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Here is how Trump’s father turned him into the monster he is now

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- Commentary
Fred (left) and Donald (right) Trump.

This is a brief excerpt from my book “Nobody Hates Trump More Than Trump: An Intervention.” This excerpt is the crux of the book: Trump hates himself; he hates himself because his father treated him as a vector on the grid of capitalism. Trump is unable to face his own self-loathing, so — like most bullies — he expresses that rage outward, incessantly.

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According to Trump biographer Michael D’Antonio, Fred’s decision to send Trump to military school was “a very severe response to a kid who hadn’t gotten arrested and wasn’t involved in drinking and drugging. This was a profound rejection of Donald.”

This article first appeared in Salon.

At New York Military Academy, he won a medal for “neatness.” His roommate, who nicknamed him “Mr. Meticulous,” said Trump folded his towels and underwear “so that every single one was perfectly squared—like, insanely neat.”

I was, like, the top-ranking guy in terms of the military. That doesn’t mean I was able to get along with people, because the reason I went [to military school] in the first place was that I didn’t get along with a lot of people.

Steve Bannon reminds my friend David Gavan, who used to live in London, of “the homeless/alcoholic Irishmen I’d see in Camden Town. A man who describes himself as a ‘street fighter’ tends to have been called ‘sissy’ during his school days.”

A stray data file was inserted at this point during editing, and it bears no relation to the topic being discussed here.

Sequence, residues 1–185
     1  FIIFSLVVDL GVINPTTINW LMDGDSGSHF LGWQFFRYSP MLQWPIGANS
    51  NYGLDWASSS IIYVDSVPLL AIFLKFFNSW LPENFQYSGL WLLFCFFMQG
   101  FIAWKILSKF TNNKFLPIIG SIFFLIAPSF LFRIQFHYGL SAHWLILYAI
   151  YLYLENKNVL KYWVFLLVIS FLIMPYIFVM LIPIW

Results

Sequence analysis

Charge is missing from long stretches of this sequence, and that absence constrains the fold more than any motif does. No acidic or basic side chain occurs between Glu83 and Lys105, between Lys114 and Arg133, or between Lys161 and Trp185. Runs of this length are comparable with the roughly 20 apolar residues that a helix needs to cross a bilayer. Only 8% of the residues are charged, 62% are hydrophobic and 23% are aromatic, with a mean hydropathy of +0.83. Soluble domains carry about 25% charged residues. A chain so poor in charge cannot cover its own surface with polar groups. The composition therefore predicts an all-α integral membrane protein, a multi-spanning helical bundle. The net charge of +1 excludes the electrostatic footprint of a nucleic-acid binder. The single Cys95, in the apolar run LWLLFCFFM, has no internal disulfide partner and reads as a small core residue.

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In “Bush’s War,” Robert Hass writes, “The military is an engineering profession. / Look at boys playing: they love / To figure out the ways to blow things up. / But the rest of us have to go along. / Why do we do it? Certainly there’s a rage / To injure what’s injured us

Fred informed everyone at his dinner table that he was ordering steak; therefore, everyone else would order steak. When Donald’s first wife, Ivana, said she didn’t want steak, she was rebuffed.

Steve Hassan says that cult leaders tend to “have a feeling of insecure attachment to their mother and father. For their entire lives, they’re compensating for that lack of sense of self by getting praise and kudos from the outside world. In Trump’s case, he was raised in the church of Norman Vincent Peale, where doubt was considered evil.”

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I used to zap negativity mentally, but now it just bounces off me within a moment of getting near me.

October 20, 2015, Fox News, off-air—

Hannity: Numbers keep going up, up, up.

Trump: Hey, buddy, how are you?

Hannity: How we doing on that other project?

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Trump: We’re doing good. Always doing good, you and I.
Hannity: When can we get together on that?

Trump: In November. Listen, you might ask me if I’d vote for [Jeb] Bush. Ask me that and I’ll give you a positive answer.

Hannity: That’s good. We’re leading with that. That’s good.

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Trump says that Democrats who didn’t clap during his State of the Union speech “would rather see Trump do badly than Trump do well, okay? It’s very selfish. And it got to a point where I really didn’t want to look too much during the speech over to that side, because honestly it was bad energy. They were like death.”

In the NOVA episode “Extreme Animal Weapons,” University of Montana evolutionary biologist Doug Emlen argues that animals’ “weapons” evolve generation by generation via violent duels; his father, Stephen (a neurobiologist who has an endowed chair at Cornell and who has a minor role in the episode), had earlier formulated a theory about animals and their weaponry, but without his son’s emphasis on evolutionary adaptation. Does the show know it’s about itself?